SNP plans provide service to populations with specific diseases, certain health care needs, or who also have Medicaid. For example, SNPs cater to individuals with specific chronic conditions (e.g., cancer, dementia, diabetes, HIV/AIDS, stroke, ESRD, and certain neurological disorders), individuals living in a facility (e.g., a nursing home, long-term care skilled nursing facility, intermediate nursing facility, or assisted living facility), or individuals enrolled in both Medicare and Medicaid. Understanding the prevalence of SNP-covered patients in your market can help you better predict and prepare for your future patient mix and their care needs.

4. What is the potential financial impact of network participation on my bottom line?
Today, more plan options are available to Medicare Advantage enrollees than ever before. Nationwide, enrollees have access to 4,100 plan options. At the local level, the average individual in a county has access to 44 different plan options. Plan choices have grown 11% per year, outpacing enrollment growth.

For primary care providers, this means that the right alignment with the right plans and networks will be paramount to unlocking access to new patients, in turn exposing new financial opportunities and rewarding strong clinical and quality performance. However, plan alignment has become increasingly complex to navigate as Medicare Advantage plans continue to grow in popularity. Understanding the universe of plan options will enable physicians to orient their businesses and clinical activities to best position themselves for future growth.

5. How might ongoing regulatory changes affect my primary care practice?
CMS continues to refine the Medicare Advantage model amid historic growth in three main ways:

Audits: In February, the U.S. Centers for Medicare and Medicaid Services (CMS) finalized a rule to start recovering improper payments made to Medicare Advantage plans through audits for the first time since 2007. It also made various changes to the Risk Adjustment Data Validation audit methodology.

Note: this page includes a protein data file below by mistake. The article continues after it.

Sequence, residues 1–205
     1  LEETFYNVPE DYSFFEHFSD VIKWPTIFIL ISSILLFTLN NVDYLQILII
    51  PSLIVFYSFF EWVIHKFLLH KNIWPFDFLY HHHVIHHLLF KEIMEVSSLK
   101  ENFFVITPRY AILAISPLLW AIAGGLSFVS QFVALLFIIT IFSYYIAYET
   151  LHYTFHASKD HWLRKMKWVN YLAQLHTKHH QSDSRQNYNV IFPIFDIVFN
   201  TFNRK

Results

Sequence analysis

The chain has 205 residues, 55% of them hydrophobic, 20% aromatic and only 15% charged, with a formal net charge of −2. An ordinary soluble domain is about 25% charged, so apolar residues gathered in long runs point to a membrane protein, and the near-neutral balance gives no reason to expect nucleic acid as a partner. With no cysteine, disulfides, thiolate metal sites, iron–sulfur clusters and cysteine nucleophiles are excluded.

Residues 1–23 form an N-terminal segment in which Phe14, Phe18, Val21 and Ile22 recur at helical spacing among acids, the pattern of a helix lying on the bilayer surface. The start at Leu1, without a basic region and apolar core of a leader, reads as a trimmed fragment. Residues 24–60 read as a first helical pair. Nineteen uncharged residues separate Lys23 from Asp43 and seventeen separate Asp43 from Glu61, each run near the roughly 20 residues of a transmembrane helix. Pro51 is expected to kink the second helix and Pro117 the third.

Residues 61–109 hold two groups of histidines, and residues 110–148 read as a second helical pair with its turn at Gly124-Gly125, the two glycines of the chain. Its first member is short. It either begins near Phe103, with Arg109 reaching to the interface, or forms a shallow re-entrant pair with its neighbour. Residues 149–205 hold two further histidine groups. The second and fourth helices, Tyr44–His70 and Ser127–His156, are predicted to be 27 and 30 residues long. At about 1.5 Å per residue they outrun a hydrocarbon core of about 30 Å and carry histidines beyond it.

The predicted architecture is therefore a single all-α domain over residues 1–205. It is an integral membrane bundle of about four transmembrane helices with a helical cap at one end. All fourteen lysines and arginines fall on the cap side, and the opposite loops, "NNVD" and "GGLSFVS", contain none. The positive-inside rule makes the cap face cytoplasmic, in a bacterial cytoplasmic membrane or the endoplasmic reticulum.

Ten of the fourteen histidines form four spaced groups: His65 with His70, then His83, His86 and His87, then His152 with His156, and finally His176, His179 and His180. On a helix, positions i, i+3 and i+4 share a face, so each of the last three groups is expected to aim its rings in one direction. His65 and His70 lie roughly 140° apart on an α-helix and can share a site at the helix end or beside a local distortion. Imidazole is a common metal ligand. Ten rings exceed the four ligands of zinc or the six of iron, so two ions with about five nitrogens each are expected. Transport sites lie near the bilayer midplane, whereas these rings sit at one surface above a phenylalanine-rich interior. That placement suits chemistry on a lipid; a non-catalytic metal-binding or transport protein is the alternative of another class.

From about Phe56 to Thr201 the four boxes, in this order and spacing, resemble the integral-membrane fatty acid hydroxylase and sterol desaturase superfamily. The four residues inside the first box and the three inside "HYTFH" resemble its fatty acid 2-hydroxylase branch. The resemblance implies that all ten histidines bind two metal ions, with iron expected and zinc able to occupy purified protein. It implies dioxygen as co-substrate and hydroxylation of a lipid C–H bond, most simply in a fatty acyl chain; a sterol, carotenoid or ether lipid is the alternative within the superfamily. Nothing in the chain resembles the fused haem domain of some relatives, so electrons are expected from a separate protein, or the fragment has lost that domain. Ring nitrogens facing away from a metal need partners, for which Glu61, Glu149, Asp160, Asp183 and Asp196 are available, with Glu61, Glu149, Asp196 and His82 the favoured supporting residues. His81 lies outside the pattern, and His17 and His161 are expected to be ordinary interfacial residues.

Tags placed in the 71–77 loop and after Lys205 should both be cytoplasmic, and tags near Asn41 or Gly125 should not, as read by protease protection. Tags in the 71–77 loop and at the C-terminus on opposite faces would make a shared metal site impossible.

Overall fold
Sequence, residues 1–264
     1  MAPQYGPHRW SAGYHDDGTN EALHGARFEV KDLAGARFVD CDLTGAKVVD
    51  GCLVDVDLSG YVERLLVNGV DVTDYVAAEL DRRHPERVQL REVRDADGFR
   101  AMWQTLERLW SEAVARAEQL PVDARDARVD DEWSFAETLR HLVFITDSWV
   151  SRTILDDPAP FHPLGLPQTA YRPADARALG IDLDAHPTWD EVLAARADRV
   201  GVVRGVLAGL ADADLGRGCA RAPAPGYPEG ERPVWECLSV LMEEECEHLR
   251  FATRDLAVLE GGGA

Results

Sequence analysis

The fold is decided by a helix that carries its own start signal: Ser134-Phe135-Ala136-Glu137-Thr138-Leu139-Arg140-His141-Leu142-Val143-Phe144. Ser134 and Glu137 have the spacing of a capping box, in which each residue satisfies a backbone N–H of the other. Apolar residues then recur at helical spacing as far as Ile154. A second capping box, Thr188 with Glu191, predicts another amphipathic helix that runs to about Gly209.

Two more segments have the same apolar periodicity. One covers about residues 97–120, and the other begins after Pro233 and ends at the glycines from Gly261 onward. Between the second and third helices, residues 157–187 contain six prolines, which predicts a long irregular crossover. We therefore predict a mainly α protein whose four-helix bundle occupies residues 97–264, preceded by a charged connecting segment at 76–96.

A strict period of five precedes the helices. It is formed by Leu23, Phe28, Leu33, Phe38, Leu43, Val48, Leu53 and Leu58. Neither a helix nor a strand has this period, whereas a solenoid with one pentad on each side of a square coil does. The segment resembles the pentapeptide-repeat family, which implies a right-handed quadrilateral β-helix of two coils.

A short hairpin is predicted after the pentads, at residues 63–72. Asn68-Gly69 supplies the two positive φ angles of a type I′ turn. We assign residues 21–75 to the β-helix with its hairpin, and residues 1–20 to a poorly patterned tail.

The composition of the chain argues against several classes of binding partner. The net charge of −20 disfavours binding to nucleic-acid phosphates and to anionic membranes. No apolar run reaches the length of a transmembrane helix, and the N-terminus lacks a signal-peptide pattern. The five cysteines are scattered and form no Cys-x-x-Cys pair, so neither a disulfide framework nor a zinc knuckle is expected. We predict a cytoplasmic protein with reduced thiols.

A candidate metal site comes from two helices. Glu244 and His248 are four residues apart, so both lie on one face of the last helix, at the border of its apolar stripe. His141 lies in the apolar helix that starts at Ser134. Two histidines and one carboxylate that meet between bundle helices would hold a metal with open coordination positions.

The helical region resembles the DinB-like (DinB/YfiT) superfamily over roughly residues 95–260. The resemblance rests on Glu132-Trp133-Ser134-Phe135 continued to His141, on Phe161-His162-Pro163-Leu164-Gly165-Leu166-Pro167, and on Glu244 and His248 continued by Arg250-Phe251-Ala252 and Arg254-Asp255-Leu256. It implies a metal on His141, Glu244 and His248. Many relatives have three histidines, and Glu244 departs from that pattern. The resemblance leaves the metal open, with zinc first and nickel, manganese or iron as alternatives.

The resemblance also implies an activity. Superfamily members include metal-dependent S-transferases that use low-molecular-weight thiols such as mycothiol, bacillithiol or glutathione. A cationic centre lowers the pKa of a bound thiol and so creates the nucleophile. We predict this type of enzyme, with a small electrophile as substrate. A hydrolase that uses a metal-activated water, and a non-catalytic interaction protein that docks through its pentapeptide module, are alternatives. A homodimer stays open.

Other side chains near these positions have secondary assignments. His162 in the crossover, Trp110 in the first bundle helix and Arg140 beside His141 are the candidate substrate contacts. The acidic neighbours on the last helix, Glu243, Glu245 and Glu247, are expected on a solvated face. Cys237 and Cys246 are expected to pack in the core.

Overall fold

• Revised Risk Adjustment: In March, CMS finalized policies in the 2024 Medicare Advantage and Part D Rate Announcement which significantly revised the risk adjustment model after extensive commentary from stakeholders.
  • Improved Access: In April, CMS finalized a rule to crack down on misleading marketing schemes by Medicare Advantage plans, remove barriers to care created by complex coverage criteria and utilization management, and expand access to behavioral health care. The rule also promotes health equity and lowers prescription drug costs.
  • Each of these changes points to continued promotion and strengthening of Medicare Advantage. Physicians need a robust strategy to align with Medicare Advantage plans that promote value-based care and seek to further advance the goals of the Medicare Advantage program amid this regulatory evolution.

Looking ahead

There’s no denying the rapid expansion of Medicare Advantage plans, and there are no signs this growth will slow down anytime soon. Primary care physicians must familiarize themselves with the local and national Medicare Advantage landscape to continue to serve patients and achieve practice growth.

Atul Pathiyal, MPH, is a director and president of the payer advisory services practice at Chartis. He has more than 25 years of advisory experience spanning the payer-provider continuum with a particular focus on designing new business models that harness the massive shifts shaping the health care industry.

Nick Herro, MBA, is a principal with Chartis, a leader in the firm’s private equity advisory and value-based care practices. He leads the diligence efforts within the private equity advisory practice, serving sponsors and portfolio companies through commercial diligence for acquisitions and divestitures. He has more than 10 years of management consulting experience working with leading health care organizations.

Julianna Wokurka is a consultant with Chartis. Her health care consulting experience spans academic health centers, national and regional health systems, and community hospitals, and includes engagements across strategy, performance, and business intelligence initiatives.